A woman who gave critical evidence in the trial of cold-blooded murderer Jack Harrison Vincent Sadler initially faced the real risk of a charge of murder before she cooperated with police, a Supreme Court Judge said.
A suppression order was lifted on Justice Robert Pearce's sentencing comments about Gemma Elizabeth Clark, 27, following a Supreme Court jury's murder verdict on Thursday.
Justice Pearce was considering an eight-year sentence for Clark after she pleaded guilty to being an accessory after the fact and failing to report the August 15 2018 killing of Jake Anderson-Brettner.
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"Miss Clark committed crimes of considerable gravity. It is a serious example of both crimes," he said.
"She played a significant part in concealing the crime, albeit that it was ultimately discovered.
"Her conduct added greatly to the distress of the victim's mother, his partner and the rest of his family and friends, and will likely have a lasting impact.
"Her lies to the police are not an aggravating factor but indicate the absence of immediate remorse.
"Her admissions came only after the gravity of her situation became apparent to her, when the evidence of her link to the murder was clear and she faced the real risk of a charge of murder."
Justice Pearce discounted the sentence by 10 per cent for an early plea of guilty and by 20 per cent for her willingness to give evidence in the murder trail.
"In the final conclusion I have allowed a final discount of just over 30 per cent because the appropriate head sentence is imprisonment for five and a half years," he said.
Justice Pearce set a non parole period of three years from August 18, 2018.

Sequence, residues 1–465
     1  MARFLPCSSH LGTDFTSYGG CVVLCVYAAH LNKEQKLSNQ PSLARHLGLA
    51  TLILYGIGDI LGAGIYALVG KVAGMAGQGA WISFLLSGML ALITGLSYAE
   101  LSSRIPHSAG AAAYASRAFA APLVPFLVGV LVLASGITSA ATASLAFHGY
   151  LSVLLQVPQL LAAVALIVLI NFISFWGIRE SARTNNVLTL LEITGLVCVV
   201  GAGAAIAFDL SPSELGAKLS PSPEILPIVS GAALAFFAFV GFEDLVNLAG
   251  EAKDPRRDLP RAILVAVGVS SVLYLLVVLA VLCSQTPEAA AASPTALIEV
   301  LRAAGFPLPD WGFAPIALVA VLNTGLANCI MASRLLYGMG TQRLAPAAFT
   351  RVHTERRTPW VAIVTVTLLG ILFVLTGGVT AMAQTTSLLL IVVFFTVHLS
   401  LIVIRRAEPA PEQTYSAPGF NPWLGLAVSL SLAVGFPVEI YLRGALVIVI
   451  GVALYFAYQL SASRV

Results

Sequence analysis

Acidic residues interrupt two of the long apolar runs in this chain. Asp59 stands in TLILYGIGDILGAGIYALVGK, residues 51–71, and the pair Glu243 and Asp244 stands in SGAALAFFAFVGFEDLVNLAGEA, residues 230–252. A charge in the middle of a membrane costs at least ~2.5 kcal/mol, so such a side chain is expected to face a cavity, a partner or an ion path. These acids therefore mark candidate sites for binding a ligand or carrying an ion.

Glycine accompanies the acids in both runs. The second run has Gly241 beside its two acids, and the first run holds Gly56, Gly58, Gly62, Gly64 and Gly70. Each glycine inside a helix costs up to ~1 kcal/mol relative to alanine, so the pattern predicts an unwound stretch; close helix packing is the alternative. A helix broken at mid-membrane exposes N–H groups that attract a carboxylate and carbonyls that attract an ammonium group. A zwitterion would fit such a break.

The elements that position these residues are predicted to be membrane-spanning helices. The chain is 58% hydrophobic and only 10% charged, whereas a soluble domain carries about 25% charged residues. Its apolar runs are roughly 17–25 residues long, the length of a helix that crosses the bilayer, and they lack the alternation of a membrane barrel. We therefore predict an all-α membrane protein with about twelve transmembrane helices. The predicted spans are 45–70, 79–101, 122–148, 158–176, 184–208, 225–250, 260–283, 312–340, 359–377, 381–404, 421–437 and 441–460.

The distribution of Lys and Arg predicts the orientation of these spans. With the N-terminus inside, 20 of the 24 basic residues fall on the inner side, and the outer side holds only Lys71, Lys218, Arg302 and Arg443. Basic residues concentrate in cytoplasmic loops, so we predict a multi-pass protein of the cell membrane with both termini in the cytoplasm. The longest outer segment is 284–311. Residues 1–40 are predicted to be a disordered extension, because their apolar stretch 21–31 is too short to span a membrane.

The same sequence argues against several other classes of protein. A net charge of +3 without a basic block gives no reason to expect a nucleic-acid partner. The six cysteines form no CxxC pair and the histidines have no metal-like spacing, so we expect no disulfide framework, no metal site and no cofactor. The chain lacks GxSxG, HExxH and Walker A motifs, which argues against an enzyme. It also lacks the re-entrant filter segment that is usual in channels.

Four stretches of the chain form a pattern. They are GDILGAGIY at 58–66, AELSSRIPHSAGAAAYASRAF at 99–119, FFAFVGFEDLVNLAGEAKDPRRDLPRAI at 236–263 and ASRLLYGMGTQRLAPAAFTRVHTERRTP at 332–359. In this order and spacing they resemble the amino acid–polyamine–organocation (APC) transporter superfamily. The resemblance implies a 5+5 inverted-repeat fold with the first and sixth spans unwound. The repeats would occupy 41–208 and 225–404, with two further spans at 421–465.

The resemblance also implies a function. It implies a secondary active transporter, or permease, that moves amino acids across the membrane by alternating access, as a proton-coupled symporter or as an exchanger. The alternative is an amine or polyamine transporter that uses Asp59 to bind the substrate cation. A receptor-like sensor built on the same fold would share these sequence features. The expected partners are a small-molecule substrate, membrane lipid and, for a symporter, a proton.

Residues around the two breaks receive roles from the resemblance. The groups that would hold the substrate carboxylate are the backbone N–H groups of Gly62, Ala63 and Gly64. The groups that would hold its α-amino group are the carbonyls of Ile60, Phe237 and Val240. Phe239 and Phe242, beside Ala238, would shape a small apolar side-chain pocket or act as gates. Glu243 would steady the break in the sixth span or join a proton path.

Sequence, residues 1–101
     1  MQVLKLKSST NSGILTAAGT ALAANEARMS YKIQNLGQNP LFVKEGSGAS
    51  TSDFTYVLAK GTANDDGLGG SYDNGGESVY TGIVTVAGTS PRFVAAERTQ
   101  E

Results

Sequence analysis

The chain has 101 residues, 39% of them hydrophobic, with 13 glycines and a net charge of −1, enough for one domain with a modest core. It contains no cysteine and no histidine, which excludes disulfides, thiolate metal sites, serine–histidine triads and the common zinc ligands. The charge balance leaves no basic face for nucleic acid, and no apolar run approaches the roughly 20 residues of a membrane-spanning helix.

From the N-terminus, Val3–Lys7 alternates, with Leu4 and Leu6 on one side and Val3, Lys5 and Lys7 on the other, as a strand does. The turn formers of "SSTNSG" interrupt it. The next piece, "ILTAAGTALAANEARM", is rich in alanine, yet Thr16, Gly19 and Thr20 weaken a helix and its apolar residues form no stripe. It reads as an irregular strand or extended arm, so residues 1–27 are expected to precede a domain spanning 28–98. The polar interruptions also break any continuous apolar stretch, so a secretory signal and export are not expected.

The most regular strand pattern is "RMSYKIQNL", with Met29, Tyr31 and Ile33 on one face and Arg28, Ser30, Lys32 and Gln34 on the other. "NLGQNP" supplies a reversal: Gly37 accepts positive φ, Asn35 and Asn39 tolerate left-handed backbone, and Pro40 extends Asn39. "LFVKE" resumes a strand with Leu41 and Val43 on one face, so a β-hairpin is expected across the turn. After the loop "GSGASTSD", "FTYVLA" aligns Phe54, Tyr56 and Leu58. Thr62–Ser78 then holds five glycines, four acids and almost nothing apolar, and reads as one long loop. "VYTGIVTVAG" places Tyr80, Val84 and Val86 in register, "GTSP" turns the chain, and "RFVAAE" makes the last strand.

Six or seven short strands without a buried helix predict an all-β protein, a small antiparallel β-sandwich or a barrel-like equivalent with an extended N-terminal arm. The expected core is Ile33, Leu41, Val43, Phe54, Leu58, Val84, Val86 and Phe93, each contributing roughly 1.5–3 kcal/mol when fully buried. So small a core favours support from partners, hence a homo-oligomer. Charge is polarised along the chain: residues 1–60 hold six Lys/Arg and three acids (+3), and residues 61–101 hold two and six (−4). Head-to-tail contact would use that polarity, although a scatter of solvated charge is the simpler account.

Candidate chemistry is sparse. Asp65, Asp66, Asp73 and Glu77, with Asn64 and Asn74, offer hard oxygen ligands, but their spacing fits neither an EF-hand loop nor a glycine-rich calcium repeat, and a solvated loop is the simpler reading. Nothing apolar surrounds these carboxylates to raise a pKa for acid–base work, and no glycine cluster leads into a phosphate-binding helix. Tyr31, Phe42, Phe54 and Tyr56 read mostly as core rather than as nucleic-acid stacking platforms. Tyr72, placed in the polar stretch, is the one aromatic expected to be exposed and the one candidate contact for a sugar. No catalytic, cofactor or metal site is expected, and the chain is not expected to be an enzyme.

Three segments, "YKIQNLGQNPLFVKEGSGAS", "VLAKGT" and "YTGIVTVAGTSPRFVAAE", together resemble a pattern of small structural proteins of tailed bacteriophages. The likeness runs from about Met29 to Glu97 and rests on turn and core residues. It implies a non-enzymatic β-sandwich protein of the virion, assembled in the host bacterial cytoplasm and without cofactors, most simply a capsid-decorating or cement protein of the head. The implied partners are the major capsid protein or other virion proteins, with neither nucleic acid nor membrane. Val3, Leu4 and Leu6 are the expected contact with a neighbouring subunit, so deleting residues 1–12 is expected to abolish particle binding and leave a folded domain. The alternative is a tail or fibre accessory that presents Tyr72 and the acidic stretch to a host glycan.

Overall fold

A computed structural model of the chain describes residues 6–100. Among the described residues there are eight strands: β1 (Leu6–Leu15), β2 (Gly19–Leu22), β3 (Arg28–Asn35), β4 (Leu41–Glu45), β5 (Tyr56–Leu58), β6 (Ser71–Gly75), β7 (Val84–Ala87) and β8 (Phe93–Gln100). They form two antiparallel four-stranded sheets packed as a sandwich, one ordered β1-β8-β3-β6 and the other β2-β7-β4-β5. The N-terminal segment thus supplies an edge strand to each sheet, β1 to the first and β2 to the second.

SADLER RELATED NEWS
- DAY 1 | The Crown presents its case against Jack Sadler
- DAY 2 | Jack Sadler 'lied' about seeing alleged victim
- DAY 3 | Accused murderer asked witness to cut deceased's toes off
- DAY 4 | Police found gun at accused murderer's home '
- DAY 5 | 'I heard someone saying 'please man don't, please man stop'
- DAY 6 | Accused was angry, told girlfriend not to tell police 'about the Jeep'
- DAY 7 | Man died quickly from lethal shots
Clark gave crucial evidence under the threat that if she failed to co-operate the sentence could be reviewed and increased on appeal.
She told the jury that there were only two people present at the Dion Crescent house on the night of Mr Anderson-Brettner's murder-contrary to Mr Sadler's claim that three unnamed Victorian drug dealers shot Mr Anderson-Brettner and told him to dispose of the body.
She also gave gruesome details of her role in helping place body parts in garbage bags and drop them in wheelie bins around Launceston and at Gravelly Beach.
She told the jury she had helped Sadler carry Mr Anderson-Brettner's torso to the car and get it out of the car at the Sideling.
Justice Pearce said the state accepted that Clark was not party to the murder itself, and did not know in advance what was intended.
"She not only failed to report his killing but also acted with the intention of keeping the murder secret so the perpetrator may escape punishment for his crime," he said.
"Although she initially lied to the police about her involvement, on Sunday 19 August she took police officers to the place where Mr Anderson-Brettner's torso was found and then gave them further information which led to the collection of other evidence.
"The early plea also satisfies me that despite the absence of immediate remorse she came to appreciate the appalling wrong she had done and formed the intention to do what she can to make amends, although of course she can never fully do so," he said.
"The case against her was a very strong one although that is partly because of what she admitted to the police.
"The Director [of Public Prosecutions] accepts that Ms Clark's eventual co-operation with police led to part of the deceased's body being found when it was and to other significant information and evidence of which the police would not otherwise have been aware."
He said Clark had no prior convictions.
"She comes from a good family who remain supportive of her," he said.
"She is well educated and has held many responsible part time employment positions while she was at school and university.
"Her ambition was to be a teacher but, because of the nature of her crimes, her chance of ever pursuing that career or another like it is now gone."
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